One of our primary motivations
for the Húy̓at project is to place the Heiltsuk and Heiltsuk voices “back on the land”. We do this by documenting the oral traditions, memories, archaeology, and ethnoecology of Húy̓at. Although we do not have photographs of the millennia of previous generations of Heiltsuk who lived in Húy̓at, it is important to imagine the many faces of people whose history is embedded in the Húy̓at landscape. Bringing the stories of these people forward helps keep their legacy alive for our future generations.
We get glimpses of these past generations through recent documentation.recent documentation.recent documentation.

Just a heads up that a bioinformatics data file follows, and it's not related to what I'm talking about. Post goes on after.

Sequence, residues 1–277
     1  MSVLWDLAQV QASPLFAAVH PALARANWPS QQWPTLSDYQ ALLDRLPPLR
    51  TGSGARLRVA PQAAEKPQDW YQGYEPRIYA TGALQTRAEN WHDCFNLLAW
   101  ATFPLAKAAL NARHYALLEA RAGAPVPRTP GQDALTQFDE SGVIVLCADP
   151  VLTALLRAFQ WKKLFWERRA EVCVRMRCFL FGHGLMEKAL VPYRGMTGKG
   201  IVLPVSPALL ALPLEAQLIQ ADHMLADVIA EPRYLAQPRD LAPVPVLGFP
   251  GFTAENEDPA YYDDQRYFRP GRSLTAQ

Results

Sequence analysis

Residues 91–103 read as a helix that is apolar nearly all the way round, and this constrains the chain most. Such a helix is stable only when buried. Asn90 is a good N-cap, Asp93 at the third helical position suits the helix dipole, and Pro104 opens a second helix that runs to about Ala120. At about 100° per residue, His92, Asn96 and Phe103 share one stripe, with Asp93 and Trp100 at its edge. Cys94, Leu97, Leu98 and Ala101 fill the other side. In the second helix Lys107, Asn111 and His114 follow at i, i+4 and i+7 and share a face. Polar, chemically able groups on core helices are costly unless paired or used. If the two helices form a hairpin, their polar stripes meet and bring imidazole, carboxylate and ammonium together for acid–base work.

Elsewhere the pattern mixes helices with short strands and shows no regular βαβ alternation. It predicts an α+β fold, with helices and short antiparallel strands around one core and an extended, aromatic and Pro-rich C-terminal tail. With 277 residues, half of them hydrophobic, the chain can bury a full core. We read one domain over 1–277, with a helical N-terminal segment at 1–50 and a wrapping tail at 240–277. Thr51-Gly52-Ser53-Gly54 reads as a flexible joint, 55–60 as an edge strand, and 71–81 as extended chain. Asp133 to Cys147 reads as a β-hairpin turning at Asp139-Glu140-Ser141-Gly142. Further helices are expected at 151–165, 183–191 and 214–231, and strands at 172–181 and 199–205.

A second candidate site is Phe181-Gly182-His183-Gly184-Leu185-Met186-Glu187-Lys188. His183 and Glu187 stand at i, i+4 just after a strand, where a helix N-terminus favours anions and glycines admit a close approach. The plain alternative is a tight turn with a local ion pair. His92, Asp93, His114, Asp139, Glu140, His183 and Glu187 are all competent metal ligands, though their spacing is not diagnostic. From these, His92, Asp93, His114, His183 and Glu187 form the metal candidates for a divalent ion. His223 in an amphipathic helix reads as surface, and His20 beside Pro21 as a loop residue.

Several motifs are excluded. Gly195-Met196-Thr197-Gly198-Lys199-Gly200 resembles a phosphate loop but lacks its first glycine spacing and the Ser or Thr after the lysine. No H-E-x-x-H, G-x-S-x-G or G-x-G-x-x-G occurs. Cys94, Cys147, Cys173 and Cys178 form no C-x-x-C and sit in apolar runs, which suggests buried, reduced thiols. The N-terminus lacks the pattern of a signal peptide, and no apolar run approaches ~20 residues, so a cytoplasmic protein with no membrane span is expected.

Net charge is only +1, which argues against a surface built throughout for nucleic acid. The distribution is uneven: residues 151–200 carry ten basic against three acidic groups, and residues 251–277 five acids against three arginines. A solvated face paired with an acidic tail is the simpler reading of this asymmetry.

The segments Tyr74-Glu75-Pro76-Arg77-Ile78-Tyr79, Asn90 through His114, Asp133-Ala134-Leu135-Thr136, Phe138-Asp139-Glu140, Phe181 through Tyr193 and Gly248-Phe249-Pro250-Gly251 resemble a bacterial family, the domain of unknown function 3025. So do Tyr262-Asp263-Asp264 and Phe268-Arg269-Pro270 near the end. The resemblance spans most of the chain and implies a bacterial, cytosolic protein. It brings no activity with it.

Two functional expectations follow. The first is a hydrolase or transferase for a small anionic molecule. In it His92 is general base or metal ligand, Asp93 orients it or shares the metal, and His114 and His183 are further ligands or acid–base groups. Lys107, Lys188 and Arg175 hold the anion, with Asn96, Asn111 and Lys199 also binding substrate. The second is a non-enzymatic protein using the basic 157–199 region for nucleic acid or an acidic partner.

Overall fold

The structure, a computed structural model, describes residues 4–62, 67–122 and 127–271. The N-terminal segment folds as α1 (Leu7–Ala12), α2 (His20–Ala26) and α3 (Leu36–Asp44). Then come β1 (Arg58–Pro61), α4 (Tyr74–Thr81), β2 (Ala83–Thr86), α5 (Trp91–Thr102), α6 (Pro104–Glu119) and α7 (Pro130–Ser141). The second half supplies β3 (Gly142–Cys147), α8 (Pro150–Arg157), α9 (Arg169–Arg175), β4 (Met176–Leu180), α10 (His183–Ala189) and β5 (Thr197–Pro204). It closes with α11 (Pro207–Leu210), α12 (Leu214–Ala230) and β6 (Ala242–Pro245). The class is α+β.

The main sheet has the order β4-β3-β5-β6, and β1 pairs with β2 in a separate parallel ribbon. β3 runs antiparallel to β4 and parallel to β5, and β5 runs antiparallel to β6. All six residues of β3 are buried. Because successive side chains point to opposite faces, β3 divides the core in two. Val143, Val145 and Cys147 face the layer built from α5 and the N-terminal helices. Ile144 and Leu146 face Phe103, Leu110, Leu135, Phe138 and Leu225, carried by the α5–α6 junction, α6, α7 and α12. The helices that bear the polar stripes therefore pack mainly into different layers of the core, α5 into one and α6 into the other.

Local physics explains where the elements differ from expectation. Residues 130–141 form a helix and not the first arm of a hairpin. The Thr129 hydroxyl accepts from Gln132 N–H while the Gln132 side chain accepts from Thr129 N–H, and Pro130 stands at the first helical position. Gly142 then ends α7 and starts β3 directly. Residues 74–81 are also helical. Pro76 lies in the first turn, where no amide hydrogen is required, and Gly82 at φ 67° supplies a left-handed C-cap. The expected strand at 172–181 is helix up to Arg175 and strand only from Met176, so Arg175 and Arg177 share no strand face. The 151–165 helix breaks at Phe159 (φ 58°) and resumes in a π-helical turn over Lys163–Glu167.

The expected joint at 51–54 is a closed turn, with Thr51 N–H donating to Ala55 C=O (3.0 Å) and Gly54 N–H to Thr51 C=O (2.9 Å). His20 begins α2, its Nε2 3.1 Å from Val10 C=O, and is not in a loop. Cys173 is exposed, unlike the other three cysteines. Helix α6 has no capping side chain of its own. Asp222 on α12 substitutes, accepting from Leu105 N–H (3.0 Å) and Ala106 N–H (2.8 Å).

In 1834, William Fraser Tolmie mentioned Chiefs Boston (known through family lines today as Gáluyaǧṃí), Kaghetasso (Q̓aíx̌ítasu), Umcheets (Hṃ́zit) and Qyostogous (Ǧviúst̓izas) as the chiefs of Lizzie Cove and central Húy̓at, though we know little of the details of their lives.
Even during the more recent Smokehouse Days, the lives of many people who lived in Húy̓at are not well known today. We are grateful to have a few precious photographs and stories of some ofour relations
who lived in Húy̓at in the 20th century. We are also fortunate to have recordedthe voices
of some of the many Heiltsuk who hold personal connections to Húy̓at today. All these people are the descendants of generations of Heiltsuk who have connected to the physical and non-tangible parts of Húy̓at.